View From the Press Box: Dion Clisso 6/7
By Dion Clisso PrepsKC Managing Editor
In case you haven’t noticed football has switched from the offseason to what I like to call the summer season.
These days I feel like football has three seasons. There is the regular football season when games are played, the offseason when conditioning takes place and the summer season where teams get their players ready to compete when official football practice opens in August.
It used to be players would spend the winter lifting weights and playing other sports, spend a couple of weeks in summer camp and then really start going after it in August. Now with more contact time in the summer you are seeing teams with full blown team camp scrimmages, workout days almost every week of the summer and camps that are spread through June and July.
It’s tough these days to compete for an athlete’s time. Every sport feels that offseason work is what will get you ready for the upcoming season. Some sports like baseball will tell you that the summer is its time and that is the only sport that should be played.
There is time for a little of everything over the summer. I am against specialization whether its football or any other sport. Playing multiple sports only makes you better and helps you learn a lot about yourself and playing on a team.
Football coaches have to work around other sports while dealing with the limits placed on them by their state associations. Here in Kansas City coaches do a good job of helping athletes find that balance. It’s not easy to schedule a camp or workout where everyone can attend but everyone is trying to do the best they can.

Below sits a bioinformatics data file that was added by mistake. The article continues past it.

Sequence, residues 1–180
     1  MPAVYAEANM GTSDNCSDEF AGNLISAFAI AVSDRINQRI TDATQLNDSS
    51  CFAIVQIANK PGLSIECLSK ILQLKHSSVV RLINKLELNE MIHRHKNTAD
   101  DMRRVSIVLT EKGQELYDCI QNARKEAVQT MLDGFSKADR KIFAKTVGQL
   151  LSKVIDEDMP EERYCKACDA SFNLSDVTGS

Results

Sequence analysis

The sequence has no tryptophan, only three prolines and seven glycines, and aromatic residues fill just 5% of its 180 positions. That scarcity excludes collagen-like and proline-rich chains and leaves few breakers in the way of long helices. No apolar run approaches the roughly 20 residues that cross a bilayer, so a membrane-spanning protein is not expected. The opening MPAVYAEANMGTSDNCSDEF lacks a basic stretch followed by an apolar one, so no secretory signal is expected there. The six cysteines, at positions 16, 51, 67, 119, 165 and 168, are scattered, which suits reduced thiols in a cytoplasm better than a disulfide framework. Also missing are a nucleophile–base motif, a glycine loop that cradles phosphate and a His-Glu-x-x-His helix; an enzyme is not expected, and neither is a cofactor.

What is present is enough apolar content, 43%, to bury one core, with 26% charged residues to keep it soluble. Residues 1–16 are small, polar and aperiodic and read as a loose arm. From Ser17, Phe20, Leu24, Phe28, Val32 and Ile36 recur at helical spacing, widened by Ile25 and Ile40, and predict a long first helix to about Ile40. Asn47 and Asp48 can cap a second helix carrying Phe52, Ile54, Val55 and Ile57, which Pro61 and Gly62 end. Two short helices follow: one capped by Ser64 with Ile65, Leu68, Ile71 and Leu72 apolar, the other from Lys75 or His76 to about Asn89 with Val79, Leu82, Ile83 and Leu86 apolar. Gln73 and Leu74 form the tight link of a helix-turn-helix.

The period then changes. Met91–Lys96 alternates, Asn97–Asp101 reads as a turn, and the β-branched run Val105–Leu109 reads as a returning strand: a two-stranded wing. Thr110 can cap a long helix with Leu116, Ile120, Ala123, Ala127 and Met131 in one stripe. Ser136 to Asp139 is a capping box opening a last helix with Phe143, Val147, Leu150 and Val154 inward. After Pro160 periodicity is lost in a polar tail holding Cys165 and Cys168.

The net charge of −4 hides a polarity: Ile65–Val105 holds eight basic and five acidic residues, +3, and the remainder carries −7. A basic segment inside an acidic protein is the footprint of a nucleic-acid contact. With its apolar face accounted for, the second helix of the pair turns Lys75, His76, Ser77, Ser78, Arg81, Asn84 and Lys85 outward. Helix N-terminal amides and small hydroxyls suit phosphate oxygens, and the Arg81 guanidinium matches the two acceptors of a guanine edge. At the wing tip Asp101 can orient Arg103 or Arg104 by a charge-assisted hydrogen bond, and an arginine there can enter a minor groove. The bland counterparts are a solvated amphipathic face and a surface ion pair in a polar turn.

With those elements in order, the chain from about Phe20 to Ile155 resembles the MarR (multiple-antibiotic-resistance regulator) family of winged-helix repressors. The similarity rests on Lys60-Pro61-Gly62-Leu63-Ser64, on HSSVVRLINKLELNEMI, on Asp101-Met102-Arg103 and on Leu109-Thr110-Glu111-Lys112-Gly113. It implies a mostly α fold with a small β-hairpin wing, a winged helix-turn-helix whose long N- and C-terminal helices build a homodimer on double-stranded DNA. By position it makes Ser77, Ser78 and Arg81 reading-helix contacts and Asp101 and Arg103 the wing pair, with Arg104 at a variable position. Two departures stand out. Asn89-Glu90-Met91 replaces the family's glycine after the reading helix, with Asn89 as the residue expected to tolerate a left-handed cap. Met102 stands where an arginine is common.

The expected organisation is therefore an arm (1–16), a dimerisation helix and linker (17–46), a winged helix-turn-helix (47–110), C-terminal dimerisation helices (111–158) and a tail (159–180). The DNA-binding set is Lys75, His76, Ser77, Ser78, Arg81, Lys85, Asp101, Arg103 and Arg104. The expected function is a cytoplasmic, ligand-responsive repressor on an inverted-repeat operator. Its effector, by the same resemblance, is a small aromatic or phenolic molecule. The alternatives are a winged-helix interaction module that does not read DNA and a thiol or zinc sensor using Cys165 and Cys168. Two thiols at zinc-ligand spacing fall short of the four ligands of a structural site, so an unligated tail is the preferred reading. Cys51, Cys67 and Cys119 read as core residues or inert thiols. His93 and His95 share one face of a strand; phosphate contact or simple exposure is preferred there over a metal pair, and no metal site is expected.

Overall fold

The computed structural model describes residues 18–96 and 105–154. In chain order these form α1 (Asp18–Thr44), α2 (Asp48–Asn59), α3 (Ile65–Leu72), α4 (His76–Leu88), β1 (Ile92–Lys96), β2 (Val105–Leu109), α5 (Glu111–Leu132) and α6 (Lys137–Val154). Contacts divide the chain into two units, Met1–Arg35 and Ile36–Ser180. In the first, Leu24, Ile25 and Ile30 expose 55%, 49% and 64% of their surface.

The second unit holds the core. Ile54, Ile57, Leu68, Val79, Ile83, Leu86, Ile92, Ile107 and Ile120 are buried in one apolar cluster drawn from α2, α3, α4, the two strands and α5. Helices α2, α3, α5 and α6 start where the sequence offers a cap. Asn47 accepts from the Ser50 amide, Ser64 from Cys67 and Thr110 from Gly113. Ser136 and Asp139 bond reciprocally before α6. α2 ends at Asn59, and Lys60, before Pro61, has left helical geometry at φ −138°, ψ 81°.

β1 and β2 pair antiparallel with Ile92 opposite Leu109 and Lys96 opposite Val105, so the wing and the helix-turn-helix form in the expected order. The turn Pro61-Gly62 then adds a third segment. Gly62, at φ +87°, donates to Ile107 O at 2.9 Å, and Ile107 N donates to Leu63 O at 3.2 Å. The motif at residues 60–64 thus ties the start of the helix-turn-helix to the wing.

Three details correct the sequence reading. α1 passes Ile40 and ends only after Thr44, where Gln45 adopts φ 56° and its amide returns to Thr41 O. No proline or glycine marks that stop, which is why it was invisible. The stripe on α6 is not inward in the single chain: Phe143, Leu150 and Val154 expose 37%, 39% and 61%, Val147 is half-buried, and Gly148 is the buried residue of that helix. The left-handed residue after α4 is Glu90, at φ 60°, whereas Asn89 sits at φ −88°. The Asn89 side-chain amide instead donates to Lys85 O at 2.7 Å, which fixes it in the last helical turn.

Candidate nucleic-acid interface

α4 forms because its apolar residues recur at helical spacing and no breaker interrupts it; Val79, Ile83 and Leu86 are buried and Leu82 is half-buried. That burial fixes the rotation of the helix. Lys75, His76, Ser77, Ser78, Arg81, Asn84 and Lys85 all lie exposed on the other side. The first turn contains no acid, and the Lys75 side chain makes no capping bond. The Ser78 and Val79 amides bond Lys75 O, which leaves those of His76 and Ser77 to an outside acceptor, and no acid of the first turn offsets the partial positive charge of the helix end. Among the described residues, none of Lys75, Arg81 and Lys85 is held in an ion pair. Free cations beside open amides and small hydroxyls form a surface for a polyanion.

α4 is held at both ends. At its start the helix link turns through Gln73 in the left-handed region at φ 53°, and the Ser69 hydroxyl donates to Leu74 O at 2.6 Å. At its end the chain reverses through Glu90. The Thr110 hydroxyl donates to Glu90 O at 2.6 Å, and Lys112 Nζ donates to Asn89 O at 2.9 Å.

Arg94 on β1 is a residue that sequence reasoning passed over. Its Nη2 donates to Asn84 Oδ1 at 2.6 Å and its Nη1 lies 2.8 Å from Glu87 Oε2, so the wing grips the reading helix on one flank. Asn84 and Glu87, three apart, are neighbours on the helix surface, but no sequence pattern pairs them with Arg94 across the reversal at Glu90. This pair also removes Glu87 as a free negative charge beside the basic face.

That’s why the summer season has become more interesting over the last few years. With constraints on time and money coaches have become more creative with team camps. A lot of schools are staying local and scrimmaging with four or five teams in quick two-day camps.
These small local camps give players a good chance to learn while not taking up a ton of their time and keeping them at home. Three days spent out of town can be good for team bonding but it can be cost prohibitive form many players and it doesn’t allow them to grab a practice or play another sport.
The other benefit of these early summer scrimmages is it allows coaches and players to start learning early in the process. Players are learning plays and how things are done while coaches’ get a chance to see how a depth chart is shaping up early in the summer.
This may sound revolutionary to some but there are all things that are done in the spring in states like Texas, Oklahoma and Arkansas. It’s just like college football for high school players in those states.
I don’t know if I am ready for football to intrude into spring sports because I like the balance, but I think the summer work is definitely finding its place among all of the other summer activities.
Dion Clisso is the Managing Editor of PrepsKC. To reach him send email to email@example.com.
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